Rotisserie Chickens: The Nineties' Gift to Supermarkets That Keeps on Giving

By Annie GasparroFeaturesDow Jones Newswires

For grocery stores, rotisserie chickens have become a golden goose.

The spit-roasted birds emerged as a supermarket staple in the 1990s, paving the way for the array of prepared foods that grocery stores sell today. Now they are many grocery stores' best-selling hot food item and a rare bright spot in an industry struggling to adapt to a shift away from packaged foods.

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Americans bought 625 million rotisserie chickens at supermarkets in 2017, according to market-research firm Nielsen and Costco Wholesale Corp., a few million more than the year before. Costco sold 87 million in its 2017 fiscal year, compared with 51 million in fiscal 2010.

With labor costs and competition rising, more stores are relying on rotisserie chickens to draw customers. To continue selling them for $5 to $7 each, executives are working to trim supply-chain costs, cook chickens more efficiently and throw fewer of them away unsold.

"We are relentlessly focused on keeping that price point," said Russ Richardson, vice president of deli and bakery for Kroger Co., the second-largest U.S. food retailer. "It's the hallmark item."

One reason executives say it is so important to hold down rotisserie prices is that shoppers often buy higher-margin side dishes and beverages to round out a meal. "If they get a chicken, a salad, and maybe they pick up a bottle of wine -- now we're really talking," said Don Fitzgerald, vice president of merchandising at Mariano's, a Chicago grocery chain that Kroger bought in 2015.

Grocers also are tweaking their marketing strategy to make their chickens stand out. Some have introduced lemon pepper and barbecue flavors, as well as organic and antibiotic-free chickens. Others are placing chicken warmers in checkout aisles to inspire last-minute purchases.

"When they're right by the checkout, the smell always gets you," said Katie Cooksey, who buys rotisserie chickens for herself and her 9-year-old daughter at a Kroger store in Sandusky, Ohio.

The rotisserie craze started in the early 1990s when Boston Chicken, now Boston Market, opened drive-through restaurants selling chicken dinners and sides. Families liked the convenience of a meal that was seen as cheaper and healthier than fast food. Costco and Kroger began selling rotisserie chickens in 1994.

"Nothing else from the '90s is still this popular today," said Mariano's Mr. Fitzgerald.

While Kroger and Mariano's display their chickens near the front of the store, Costco puts them at the back, hoping people will end up buying more than a chicken. Costco has sold rotisserie chickens for $4.99 since 2009. When a bird flu outbreak prompted culling that created a chicken shortage in 2015, Costco took a $30 million to $40 million profit hit to keep rotisserie prices steady.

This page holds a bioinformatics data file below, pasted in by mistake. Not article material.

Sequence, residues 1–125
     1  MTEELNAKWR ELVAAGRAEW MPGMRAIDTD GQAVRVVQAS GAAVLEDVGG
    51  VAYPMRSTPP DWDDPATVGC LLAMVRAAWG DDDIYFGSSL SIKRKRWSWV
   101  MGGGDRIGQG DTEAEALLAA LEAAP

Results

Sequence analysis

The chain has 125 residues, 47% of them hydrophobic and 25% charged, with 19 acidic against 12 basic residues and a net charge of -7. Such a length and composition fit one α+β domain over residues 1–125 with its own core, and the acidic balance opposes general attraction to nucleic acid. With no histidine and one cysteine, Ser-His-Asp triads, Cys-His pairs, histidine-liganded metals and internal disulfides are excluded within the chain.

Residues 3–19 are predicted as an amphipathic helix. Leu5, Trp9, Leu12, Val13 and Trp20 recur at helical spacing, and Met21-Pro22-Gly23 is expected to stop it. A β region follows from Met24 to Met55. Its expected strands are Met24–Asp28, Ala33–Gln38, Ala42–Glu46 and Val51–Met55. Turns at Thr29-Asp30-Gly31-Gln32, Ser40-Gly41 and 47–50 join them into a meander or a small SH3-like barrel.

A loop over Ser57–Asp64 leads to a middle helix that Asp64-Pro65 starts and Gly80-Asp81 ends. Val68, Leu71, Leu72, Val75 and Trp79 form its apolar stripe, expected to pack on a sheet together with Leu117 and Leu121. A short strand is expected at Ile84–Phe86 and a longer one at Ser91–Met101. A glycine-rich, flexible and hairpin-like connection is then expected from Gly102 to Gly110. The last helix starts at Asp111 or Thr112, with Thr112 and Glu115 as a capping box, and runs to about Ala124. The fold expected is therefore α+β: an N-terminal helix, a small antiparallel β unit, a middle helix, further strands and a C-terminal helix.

The chain also has bought bigger, more-efficient ovens and saved millions of dollars by packing the chickens in containers that use less plastic. Now Costco is building its own roughly $300 million chicken-processing plant in Nebraska, which should be cheaper than buying ready-to-cook chickens from suppliers.

Costco's chickens weigh at least 3 pounds cooked, while rivals' usually weigh one-and-a-half to 2 pounds. Costco worked with chicken farmers to develop a feeding plan that consistently produced larger birds.

That means more meat for shoppers like Tiffany King of Lexington, Ky., who strips the chicken off the bone for use in enchiladas and soups. "I will buy sometimes up to three and make that my project for the day," said the mother of four. "But if you have teenage boys, you better get it in the freezer quickly."

Some stores sell deboned rotisserie-chicken meat at a higher price.

Some of Costco's supply-chain tweaks have alienated customers. Frani Muni of Boca Raton, Fla. called Costco's corporate offices last year to complain that the rotisserie chickens she had purchased were dry and bland. Costco, which removes rotisseries after two hours under heat lamps to avoid dryness, told her the changes were due to a temporary supplier switch and that it would be fixed.

"I can tell by looking at them that they are still missing the flavor," said Ms. Muni, who now buys her rotisseries at BJ's Wholesale Club Inc.

Rising rotisserie sales have been a boon to Mary Pitman of Mary's Free Range Chickens. Her family focused on growing chickens for rotisserie broilers in the 1990s just as the food was taking off. Today the third-generation family farm sells twice as many chickens for rotisseries as it does birds for butchering into raw breasts and wings.

"When we were trying to figure out how to stay in business, my husband predicted this," Ms. Pitman said.

Write to Annie Gasparro at annie.gasparro@wsj.com

(END) Dow Jones Newswires

January 04, 2018 05:44 ET (10:44 GMT)